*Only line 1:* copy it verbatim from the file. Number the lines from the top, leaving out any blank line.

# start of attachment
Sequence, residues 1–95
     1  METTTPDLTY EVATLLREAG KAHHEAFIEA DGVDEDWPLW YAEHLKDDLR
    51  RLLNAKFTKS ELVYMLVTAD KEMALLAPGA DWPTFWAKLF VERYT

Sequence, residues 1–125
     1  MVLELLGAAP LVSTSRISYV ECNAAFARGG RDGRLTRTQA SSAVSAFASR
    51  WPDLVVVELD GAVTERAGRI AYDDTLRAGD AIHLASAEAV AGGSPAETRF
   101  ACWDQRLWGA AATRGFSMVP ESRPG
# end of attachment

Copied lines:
Sequence, residues 1–95